In this study, segmentation was performed in 3D in order to capture the multi-dimensional features of the thyroid tissue microstructure. When assessing follicular shape, round follicles in a 2D section view might be ellipsoidal when observed in 3D. Therefore, a follicle classified as normal in the 2D section view might be marked as deformed if observed in 3D. Moreover, the volumetric information helps the identification and the removal of non-follicular like regions during segmentation, improving the overall analysis and evaluation of the sample. The main disadvantage in using 3D data is the longer acquisition and processing time. A possible solution for shortening the analysis time is exploiting parallel processing using graphical processing units, especially when it comes to the adaptive histogram equalization step, which is the most time demanding step in the implementation.

4.5 Deep learning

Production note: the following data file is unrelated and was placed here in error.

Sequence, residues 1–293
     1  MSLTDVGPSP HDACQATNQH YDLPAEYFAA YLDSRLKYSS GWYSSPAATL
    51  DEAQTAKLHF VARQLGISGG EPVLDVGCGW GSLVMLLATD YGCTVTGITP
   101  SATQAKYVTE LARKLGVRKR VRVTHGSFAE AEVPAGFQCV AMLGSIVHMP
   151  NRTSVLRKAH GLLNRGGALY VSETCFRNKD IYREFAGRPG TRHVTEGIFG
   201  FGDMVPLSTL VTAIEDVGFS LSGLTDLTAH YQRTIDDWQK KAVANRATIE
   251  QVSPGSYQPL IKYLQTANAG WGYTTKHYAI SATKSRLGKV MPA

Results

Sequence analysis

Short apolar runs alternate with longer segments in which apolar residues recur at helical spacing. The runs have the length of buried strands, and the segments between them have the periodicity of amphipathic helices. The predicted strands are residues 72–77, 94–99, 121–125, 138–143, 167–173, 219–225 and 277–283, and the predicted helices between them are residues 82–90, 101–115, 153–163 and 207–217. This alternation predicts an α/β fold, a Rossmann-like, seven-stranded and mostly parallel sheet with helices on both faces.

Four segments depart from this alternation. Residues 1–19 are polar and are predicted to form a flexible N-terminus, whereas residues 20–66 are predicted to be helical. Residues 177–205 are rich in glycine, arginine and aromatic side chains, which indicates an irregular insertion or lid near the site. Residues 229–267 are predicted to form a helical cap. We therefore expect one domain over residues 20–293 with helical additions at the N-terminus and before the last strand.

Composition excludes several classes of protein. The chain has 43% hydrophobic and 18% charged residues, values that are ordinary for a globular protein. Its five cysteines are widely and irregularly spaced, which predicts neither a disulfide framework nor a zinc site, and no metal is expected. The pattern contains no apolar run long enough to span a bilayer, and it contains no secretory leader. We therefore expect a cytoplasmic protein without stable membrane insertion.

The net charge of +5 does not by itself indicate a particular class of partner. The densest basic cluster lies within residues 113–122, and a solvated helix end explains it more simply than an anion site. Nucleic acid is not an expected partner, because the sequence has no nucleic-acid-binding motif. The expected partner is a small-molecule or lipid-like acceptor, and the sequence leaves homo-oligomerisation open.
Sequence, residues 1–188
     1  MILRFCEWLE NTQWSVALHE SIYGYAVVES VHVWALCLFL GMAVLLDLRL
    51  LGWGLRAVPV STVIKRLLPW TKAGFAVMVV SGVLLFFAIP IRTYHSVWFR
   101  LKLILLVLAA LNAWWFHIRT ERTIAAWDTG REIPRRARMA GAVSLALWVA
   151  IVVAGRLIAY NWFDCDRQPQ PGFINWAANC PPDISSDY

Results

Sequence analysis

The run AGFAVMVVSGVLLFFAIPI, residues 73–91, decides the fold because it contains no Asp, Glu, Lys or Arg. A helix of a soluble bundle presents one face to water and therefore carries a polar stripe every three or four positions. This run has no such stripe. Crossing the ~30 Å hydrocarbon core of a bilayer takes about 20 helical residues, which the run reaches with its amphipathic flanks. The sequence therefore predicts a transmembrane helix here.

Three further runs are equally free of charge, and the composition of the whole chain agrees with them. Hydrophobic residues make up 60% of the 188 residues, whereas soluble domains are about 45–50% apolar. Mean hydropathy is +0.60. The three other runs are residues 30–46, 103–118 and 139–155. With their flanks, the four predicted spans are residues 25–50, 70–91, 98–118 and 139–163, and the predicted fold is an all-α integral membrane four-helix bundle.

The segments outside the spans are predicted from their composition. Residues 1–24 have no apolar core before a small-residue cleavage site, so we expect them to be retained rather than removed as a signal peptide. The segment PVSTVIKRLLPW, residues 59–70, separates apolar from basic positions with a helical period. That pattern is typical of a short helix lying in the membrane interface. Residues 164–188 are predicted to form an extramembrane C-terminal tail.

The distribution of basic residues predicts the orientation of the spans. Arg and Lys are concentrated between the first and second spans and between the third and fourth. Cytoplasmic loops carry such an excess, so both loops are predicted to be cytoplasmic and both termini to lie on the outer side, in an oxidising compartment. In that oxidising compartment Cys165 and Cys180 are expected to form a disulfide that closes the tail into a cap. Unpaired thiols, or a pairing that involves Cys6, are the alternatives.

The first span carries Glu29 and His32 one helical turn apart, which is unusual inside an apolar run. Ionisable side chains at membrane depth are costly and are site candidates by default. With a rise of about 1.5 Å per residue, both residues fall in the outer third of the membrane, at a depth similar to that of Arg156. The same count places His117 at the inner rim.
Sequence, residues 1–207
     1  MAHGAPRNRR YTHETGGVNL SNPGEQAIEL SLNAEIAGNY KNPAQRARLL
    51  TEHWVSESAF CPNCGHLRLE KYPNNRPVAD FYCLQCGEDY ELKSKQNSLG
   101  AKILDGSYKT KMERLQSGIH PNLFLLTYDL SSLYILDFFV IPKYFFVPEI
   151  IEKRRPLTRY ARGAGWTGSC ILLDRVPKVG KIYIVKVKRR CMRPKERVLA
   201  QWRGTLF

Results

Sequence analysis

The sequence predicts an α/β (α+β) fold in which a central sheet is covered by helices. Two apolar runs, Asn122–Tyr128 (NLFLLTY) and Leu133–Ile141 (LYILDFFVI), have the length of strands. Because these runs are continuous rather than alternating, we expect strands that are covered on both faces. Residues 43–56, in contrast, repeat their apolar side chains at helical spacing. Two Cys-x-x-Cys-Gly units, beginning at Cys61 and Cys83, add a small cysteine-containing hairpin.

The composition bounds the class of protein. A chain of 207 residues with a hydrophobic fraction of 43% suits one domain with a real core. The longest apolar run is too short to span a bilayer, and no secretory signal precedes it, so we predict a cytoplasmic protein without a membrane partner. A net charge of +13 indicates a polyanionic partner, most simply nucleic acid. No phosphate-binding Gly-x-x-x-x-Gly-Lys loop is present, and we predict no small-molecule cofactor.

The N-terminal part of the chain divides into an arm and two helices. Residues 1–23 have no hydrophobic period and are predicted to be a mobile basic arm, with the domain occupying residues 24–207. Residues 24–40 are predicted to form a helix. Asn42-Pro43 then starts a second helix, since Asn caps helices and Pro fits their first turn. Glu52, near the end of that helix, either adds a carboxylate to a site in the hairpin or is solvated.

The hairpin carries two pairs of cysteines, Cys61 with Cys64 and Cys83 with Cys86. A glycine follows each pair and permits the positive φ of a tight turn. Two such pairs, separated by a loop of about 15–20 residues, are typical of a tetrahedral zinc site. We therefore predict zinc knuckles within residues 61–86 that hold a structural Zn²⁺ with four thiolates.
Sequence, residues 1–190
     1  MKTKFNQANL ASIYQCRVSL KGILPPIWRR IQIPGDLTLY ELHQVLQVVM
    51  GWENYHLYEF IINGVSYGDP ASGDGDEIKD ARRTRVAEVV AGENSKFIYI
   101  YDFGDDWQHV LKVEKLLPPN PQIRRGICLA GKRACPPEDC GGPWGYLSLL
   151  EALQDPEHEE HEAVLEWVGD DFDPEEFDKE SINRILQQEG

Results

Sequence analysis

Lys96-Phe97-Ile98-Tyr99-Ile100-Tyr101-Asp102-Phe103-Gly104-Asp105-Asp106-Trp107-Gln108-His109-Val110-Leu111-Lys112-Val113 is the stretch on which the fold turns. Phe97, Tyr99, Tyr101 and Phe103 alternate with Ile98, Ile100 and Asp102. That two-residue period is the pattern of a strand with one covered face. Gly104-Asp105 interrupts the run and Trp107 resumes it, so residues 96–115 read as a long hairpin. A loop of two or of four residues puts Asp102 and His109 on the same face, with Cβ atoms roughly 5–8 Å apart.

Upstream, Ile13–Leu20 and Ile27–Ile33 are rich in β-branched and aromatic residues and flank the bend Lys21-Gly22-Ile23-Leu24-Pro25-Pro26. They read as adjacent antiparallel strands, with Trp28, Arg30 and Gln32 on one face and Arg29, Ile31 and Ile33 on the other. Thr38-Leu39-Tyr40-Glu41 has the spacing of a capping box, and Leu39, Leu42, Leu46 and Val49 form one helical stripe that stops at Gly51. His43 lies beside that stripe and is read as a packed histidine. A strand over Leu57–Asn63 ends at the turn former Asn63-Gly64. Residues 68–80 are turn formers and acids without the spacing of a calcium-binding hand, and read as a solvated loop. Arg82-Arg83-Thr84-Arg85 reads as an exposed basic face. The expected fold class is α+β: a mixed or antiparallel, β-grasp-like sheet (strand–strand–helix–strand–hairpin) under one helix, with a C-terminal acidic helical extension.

The implementation of deep learning algorithms for the segmentation of the follicular structure could overcome the limitations of the current analysis. Several publications describe the application of deep learning on OCT data [44]. Convolutional neural networks (CNN) are applied on ophthalmology 2D OCT images for the segmentation and assessment of the retinal layers [4547] and the identification of retinal pathological conditions [48,49], whereas Abdolmanafi, et al. used deep learning to identify coronal artery layers in OCT images [50]. Recently, 2D thyroid OCT images were used to test the performance of a CNN for medical image segmentation that was able to classify follicular, non-follicular and background regions [51]. Different CNN architectures were proposed for improving the segmentation performance by increasing the depth of the network and adjusting the number of convolutional and fully connected layers [52]. Such implementation may succeed in segmenting follicles that currently are inaccessible. As for the training data, a considerable number of B-scans were acquired during this study (94000 in 192 volumes) that may provide a starting point for the evaluation of the approach. A major challenge is the preparation of the ground truth data since accurate annotation of the follicular structure requires one-to-one comparison with histology.